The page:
Bebop idioms prove far from extinct on these debut albums from two hungry cats, leading vigorous quartets with the mission to carry the bop torch of a young jazz generation.
Nathan Francis Nathan Francis Quartet
American bassist Nathan Francis has been based out of Helsinki, Finland ever since moving to Scandinavia from San Francisco, to study at the Sibelius Academy of Music. On his leader debut he gathers a Finnish quartet comprised of saxophonist Eero Koivistoinen
, drummer Aleksi Heinola and pianist Markus Nilttynen. Francis reveals an interpreter rather than a composer on this effort, focusing on standards and contributions from his sidemen, notably Koivistoinen, who proves quite the John Coltrane
scholar on his self-penned opening cut "Minor Solution." Not your typical bebop harmony-based exercise nor strictly a modal jazz vamp, the driven romp introduces Koivistoinen's nasal tenor tone and Coltrane-esque ability to connect intervals by bypassing them and instead spontaneously writing new melodies around them as he goes. Each member lives up to a high standard throughout the six-track set, playing their parts with punch and swing in the old-fashioned way but with the sonic qualities of the 21st century. In regard to interplay, the Koivistoinen-penned tunes hold some of the most resourceful playing on the record, seeing the leader go toe to toe with the drums on the Thelonious Monk
-spirited "Late Show." Cecil McBee
's "Song of her" and closer "Vilia"Coltrane's adaption from a Franz Lehar ballet however, demonstrate the point at which the quartet proves a most united front, gently, comfortably and collectively swinging in lush harmony together. On "Vilia" especially, it seems that even Koivistoinen himself is convinced to be Coltrane's disciple. A short but poignant studio debut. Richard Glassby
Recently the Scottish jazz scene has seen the international rise of young talents saxophonist Matt Carmichael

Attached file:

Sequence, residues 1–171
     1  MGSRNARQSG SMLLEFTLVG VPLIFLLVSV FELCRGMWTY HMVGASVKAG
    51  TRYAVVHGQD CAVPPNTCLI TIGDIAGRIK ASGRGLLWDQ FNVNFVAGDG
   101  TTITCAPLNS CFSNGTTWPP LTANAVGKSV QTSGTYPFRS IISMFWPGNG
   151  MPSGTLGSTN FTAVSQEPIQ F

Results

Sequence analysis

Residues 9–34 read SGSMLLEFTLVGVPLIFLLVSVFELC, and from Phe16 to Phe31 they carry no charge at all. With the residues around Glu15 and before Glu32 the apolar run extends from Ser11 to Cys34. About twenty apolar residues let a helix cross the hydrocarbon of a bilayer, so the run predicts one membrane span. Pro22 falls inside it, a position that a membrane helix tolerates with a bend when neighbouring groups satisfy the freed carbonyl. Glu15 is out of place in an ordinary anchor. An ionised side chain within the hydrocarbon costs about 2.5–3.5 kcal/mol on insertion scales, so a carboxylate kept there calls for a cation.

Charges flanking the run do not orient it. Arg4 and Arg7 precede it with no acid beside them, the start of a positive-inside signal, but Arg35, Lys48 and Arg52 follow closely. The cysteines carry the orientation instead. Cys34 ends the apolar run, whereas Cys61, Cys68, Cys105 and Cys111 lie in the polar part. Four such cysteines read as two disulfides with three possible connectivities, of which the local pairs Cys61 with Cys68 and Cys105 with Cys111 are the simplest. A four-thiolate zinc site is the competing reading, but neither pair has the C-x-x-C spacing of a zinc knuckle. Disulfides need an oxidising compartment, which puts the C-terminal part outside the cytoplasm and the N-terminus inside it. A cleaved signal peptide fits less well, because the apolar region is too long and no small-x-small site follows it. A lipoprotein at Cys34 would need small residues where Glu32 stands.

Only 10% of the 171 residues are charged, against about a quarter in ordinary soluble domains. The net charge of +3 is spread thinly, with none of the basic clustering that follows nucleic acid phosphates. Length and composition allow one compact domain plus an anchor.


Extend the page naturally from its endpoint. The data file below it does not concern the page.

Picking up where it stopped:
and pianist Fergus McCreadie
, who each released their respective debuts as leaders in the spring of 2021. McCreadie deserves double credit for holding down the keys in virtuoso fashion on Carmichael's album, too. Make that triple. On Eclipse
, McCreadie accompanies drummer Richard Glassby
's quartet with old-school stride through hard-bop territory in the tradition of Art Blakey
and The Jazz Messengerschanneling the likes of Bobby Timmons
, Cedar Walton
and even McCoy Tyner
in more than one instance. The leader's sheets are stocked with fun melodies and playful rhythmic drive, drawing lively interplay out of a quartet, whose youthful spirit unearths the occasional bar of conventional playing, too close to the books, but in the main makes for a fresh set, inviting the listener on a journey through familiar turf dressed in new colors. Glassby is more than a solid drummer, swinging hard and filling the measures with aplomb as his sidemen, bassist Ewan Hastie and saxophonist Simon Herberholz, skillfully guide the melodies through the changes. McCready steals the show more than once however, proving himselffor the third time in 2021to be one to keep a close eye on in the future.
Tracks and PersonnelNathan Francis Quartet
Tracks: Minor Solution; After The Morning; Crystal Clear; Song For her; Late Show; Vilia.
Personnel: Nathan Francis: bass; Eero Koivistoinen: saxophone; Markus Niittynen: piano; Aleksi Heinola: drums. Eclipse
Tracks: What The Bop; Time Out; A Subtle Change; First Contact; Eclipse; Another Day; Vehement; In And Out; Final Thought. Track;
Personnel: Richard Glassby: drums; Simon Herberholz: saxophone; Fergus McCreadie: piano; Ewan Hastie: bass.
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